The Mexican Day of the Dead is actually celebrated over two days, Nov.1 and Nov. 2, in Central and Southern Mexico. Legend holds that at midnight on Oct. 31, the gates of heaven fly open and release the souls of those who died in infancy or childhood to visit their families. That is why Nov. 1 is referred to as “Dia de los Innocentes.” The spirits of adults who have died arrive the next day, on “Dia de los Muertos.”
Northern Mexicans usually do not celebrate the Day of the Dead, though many do celebrate the Catholic holiday of All Saints Day on Nov.1. Some aspects of the Day of the Dead are celebrated in other Spanish-speaking countries as well.
The Day of the Dead began as a holiday celebrated by the Aztecs. It was originally a festival to the goddess Mictecachihuetl who was said to have died at birth. The holiday evolved over the years as Catholic missionaries arrived and enforced their own beliefs and holidays.
Today, the Day of the Dead is seen as a chance to remember and reconnect with family and friends who have passed on. Unlike in the United States, where death is considered frightening, and spirits, or ghosts, are scary, in Mexico, death is considered a normal part of the cycle of life. In fact, life is seen as a dream while death is seen as reality. Instead of being a terrifying event, a visit from a spirit is considered a sign of good luck and wisdom.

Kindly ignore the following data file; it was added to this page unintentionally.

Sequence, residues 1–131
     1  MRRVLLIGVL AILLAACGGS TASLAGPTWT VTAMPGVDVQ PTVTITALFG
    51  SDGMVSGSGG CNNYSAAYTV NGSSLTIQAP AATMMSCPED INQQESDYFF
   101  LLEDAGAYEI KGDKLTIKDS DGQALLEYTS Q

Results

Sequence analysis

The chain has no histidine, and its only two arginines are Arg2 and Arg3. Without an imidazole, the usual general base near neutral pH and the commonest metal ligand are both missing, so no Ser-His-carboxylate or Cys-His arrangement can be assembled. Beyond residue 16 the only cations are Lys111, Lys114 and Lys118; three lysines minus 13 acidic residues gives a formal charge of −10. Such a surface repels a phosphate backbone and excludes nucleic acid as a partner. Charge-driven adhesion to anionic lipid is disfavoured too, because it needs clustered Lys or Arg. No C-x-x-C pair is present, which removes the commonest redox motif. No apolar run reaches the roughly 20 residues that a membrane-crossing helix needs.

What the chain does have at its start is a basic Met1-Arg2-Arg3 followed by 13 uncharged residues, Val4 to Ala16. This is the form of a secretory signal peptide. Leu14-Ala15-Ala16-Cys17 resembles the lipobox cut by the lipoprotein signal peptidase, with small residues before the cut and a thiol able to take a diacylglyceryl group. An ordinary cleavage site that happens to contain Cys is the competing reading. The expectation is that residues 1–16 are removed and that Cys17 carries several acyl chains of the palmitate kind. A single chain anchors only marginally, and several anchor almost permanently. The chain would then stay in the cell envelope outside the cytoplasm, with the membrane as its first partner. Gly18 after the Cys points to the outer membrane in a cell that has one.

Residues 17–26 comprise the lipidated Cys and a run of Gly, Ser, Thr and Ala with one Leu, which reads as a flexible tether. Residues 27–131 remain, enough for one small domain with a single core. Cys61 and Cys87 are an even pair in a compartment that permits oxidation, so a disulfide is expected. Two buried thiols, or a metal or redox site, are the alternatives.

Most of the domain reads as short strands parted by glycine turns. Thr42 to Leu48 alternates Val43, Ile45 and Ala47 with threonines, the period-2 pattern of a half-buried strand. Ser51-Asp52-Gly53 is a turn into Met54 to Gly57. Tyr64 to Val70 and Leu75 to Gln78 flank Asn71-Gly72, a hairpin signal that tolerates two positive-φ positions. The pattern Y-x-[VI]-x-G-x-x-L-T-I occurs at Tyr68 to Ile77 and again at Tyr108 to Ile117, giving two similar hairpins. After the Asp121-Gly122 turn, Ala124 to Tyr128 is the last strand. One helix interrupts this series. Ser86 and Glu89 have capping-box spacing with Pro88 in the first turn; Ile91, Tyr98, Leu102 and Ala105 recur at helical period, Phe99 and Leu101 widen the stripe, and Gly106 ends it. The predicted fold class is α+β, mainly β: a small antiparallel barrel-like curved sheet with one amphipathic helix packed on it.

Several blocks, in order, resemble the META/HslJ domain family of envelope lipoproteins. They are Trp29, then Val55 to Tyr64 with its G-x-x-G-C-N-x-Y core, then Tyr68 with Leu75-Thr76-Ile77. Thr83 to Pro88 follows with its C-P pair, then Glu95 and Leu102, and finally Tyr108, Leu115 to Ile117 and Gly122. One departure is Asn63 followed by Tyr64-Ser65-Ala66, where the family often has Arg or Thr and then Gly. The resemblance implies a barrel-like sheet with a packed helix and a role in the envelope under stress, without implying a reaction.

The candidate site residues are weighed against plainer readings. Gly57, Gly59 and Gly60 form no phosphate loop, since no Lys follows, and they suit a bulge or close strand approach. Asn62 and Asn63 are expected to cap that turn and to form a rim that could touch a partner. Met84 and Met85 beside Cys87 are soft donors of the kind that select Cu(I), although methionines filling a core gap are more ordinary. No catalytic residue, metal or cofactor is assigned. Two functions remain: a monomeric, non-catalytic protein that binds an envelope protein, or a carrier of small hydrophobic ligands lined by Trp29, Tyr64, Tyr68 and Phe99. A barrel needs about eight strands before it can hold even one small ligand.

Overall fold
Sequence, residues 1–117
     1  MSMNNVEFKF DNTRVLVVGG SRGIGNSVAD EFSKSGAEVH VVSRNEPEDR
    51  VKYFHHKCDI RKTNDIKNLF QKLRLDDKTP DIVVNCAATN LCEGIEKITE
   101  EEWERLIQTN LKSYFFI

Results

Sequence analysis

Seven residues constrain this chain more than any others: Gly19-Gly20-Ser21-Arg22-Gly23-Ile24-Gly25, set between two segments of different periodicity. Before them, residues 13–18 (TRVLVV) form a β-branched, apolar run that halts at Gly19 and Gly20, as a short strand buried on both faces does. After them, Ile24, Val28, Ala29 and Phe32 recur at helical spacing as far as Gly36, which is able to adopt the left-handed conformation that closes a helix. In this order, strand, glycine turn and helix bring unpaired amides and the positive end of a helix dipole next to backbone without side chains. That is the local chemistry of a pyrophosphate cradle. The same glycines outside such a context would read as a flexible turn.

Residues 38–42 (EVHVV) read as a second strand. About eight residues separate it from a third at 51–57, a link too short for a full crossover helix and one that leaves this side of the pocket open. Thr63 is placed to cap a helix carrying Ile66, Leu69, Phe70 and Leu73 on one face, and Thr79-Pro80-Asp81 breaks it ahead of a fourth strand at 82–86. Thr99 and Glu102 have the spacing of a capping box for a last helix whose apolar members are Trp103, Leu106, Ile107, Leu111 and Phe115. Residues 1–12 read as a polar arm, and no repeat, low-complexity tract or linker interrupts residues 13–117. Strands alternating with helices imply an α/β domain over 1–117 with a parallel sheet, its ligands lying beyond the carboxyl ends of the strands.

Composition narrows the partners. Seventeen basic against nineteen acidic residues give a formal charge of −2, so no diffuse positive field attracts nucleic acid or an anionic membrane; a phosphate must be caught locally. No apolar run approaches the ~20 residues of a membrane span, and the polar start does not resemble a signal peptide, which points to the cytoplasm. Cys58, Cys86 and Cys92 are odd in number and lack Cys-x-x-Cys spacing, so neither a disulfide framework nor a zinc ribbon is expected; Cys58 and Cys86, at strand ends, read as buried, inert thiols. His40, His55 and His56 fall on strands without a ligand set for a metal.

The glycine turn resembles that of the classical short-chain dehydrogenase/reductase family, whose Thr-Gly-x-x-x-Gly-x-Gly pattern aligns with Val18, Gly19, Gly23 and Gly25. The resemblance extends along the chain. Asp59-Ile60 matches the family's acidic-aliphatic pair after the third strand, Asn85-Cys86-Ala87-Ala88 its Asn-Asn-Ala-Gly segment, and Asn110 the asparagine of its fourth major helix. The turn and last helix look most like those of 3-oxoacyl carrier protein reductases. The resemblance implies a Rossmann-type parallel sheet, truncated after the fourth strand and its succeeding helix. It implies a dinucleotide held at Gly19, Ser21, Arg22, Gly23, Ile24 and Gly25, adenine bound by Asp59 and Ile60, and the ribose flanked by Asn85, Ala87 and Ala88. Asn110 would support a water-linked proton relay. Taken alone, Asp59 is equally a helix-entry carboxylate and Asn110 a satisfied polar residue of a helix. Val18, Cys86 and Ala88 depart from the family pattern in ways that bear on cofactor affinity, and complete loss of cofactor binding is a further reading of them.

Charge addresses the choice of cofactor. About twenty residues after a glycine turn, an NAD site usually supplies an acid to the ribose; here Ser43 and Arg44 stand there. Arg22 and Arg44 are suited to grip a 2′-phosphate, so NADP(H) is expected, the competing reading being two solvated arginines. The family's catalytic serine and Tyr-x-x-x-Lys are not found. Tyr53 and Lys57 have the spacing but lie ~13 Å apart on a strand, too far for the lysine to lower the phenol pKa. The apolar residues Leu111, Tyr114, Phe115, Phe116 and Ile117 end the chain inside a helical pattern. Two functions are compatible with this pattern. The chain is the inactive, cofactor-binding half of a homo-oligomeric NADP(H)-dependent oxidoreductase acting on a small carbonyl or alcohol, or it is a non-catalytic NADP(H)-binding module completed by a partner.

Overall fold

The celebrations for Day of the Dead are elaborate and expensive. Some families spend two months’ income creating an altar to welcome their spirits home. Each household creates its own altar decorated with items such as candles, handmade drapes, marigolds, the red combs of roosters and the loved ones’ favorite foods. On Nov. 1, the family places toys on the sacred space so that spirit children can play. On Nov. 2, cigarettes and shots of alcohol are placed out for the adult spirits. Another common item on the altar is the sugar skull. Family members carve their deceased loved ones’ names into the skull and then give them to children to eat toward the end of the festivities.
In the afternoon of Nov. 2, celebrants go to the village graveyard. There, they tidy their loved ones’ graves and leave offerings like flowers or food. This is a time to reminisce and solidify relationships among the living. Once the graves are cared for, many of the villagers stay to help other families, to visit or to play games like cards.
There are cultures where anything having to do with death is considered frightening or morbid. In Central and Southern Mexico, however, the dead are remembered with pride and good cheer. The Day of the Dead gives celebrants a chance to renew their attachments to both the deceased and the living.